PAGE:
In the past, Pixar has injected a huge amount of imagination into real life situations. Worlds in which fish, insects and even Cars can talk. But while these films had the limits of the creator’s imagination, Inside Out, realistically, had no starting point at all. With a creative process of near five years, there must have been some brick walls that were difficult to climb. “They were all hard to overcome,” he concurs, “because you were telling the story of a place that nobody has ever actually been to.” He almost summarises Inside Out’s impressive complexity in one fell swoop.  “There are no rules we can understand. So, if you’re telling a story about an old man who wants to fill his house with thousands of balloons, you have things in place: gravity, what the house is made of. You can kind of see what they all do and so this is easily understandable when people watch it.” Ronnie lightly slammed his hands to the table, perhaps reminiscing on those formerly unsurpassed barriers Pixar battled with. “We don’t have any common ground when we say, what is an emotion? What is the mind world like? So we have to make sure that everything we create feels somewhat understandable and that those systems don’t contradict each other. That itself is a five year journey, to make sure that everything we put in place doesn’t become confusing.”

That’s probably the reason behind how deft, moving and impressive Inside Out really is. This is a film with no limitations: implausibility wasn’t ever a factor. In the past, reality has always kept the company grounded, yet their results have always been surreal. Now, their latest work acts as their first creation of a whole new universe, with no solid reference points. In a way, Inside Out is Pixar really coming out to play.

Joy (voice of Amy Poehler) and Sadness (voice of Phyllis Smith) must venture through Long Term Memory to find their way back to Headquarters in Disney•Pixar’s “Inside Out” — in theaters June 19, 2015. ©2015 Disney•Pixar. All Rights Reserved.
©2015 Disney•Pixar

It bursts onto the screen with the plethora of human emotions condensed into Joy, Sadness, Anger, Fear and Disgust. Scientific studies show that there are more than 70, which questions how del Carmen and Docter whittled them down to just five. In the laborious process, several made appearances but didn’t quite make the cut. “We had the idea of having an outer ring of characters that would be waiting in the wings, sorta poking their heads through saying “Hey, I’d be useful!”. One of them was schadenfreude (pleasure from the misfortune of others) and another was ennui (eternally bored and dissatisfied). But it wasn’t relevant to the story! It made people ask more questions.” He delved into more of these forgotten emotions, “We used to have Hope, always ringing her hands hoping for the best things to happen or for the bad things to go. She became terribly limited, we realised we couldn’t write her dialogue without using ‘I hope’, so she was gone! Then we had Surprise, who was always surprised by things.” Out of nowhere, del Carmen slipped into the cast out character’s personality, mouth agape with his head in his hands like the Edvard Munch painting, “but she became a one gag character. That’s all it was: trial and error. Our stock and trade at Pixar consists of ‘Let’s try it!’ Why? Because we don’t know if it’s not gonna work. And if it doesn’t work, we can throw it away!”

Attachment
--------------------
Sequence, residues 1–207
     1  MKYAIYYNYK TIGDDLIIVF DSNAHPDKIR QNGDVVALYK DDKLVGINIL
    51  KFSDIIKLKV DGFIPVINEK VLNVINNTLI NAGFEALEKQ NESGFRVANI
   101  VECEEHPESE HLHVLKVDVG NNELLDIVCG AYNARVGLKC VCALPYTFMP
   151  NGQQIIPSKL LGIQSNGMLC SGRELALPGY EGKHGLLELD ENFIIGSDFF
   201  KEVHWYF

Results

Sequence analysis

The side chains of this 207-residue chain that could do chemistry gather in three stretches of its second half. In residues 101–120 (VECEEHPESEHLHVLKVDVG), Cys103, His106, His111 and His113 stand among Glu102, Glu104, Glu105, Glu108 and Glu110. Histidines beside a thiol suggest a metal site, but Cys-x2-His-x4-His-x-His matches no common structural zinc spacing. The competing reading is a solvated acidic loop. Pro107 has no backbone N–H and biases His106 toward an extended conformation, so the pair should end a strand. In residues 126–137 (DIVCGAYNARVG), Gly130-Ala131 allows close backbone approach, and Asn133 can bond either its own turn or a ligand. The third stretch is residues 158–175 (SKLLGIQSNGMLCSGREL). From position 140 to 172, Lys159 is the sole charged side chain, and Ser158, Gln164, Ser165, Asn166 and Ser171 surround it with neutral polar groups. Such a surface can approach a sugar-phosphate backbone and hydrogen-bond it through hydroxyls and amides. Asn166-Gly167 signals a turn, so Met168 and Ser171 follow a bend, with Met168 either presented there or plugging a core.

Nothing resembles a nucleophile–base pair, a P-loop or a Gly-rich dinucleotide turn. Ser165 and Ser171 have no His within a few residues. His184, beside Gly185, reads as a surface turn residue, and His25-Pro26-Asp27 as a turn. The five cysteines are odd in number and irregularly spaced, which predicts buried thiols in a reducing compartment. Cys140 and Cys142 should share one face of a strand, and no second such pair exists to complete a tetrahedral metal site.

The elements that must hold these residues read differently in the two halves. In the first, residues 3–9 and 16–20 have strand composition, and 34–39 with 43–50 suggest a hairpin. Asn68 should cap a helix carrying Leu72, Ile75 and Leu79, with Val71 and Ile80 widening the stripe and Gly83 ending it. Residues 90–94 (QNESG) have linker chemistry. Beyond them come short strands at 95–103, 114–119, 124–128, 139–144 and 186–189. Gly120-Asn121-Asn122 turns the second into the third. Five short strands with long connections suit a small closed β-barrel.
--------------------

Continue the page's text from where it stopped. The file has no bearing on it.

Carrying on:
Later, Ronnie mused over which emotion sits at the control panel in his head. “There’s two that would definitely qualify. The character I can most relate to is Joy. Being a parent I always want my children to be happy.” And the other? “The most native emotion in my head would be sadness. At the studio, I look after all the scenes that are about making people cry. I’m a professional sad maker.” That single statement defines everything that’s great about Ronnie del Carmen and his co-workers. In an industry brimming with hyperactive, saccharine sweet kids movies, Pixar deliver a refreshing dose of emotive reality – not depressingly tragic nor overly complicated, but something that’s simply a necessity.

Inside Out is released in UK cinemas on July 24th 2015

This interview was conducted on June 21st in Cannes.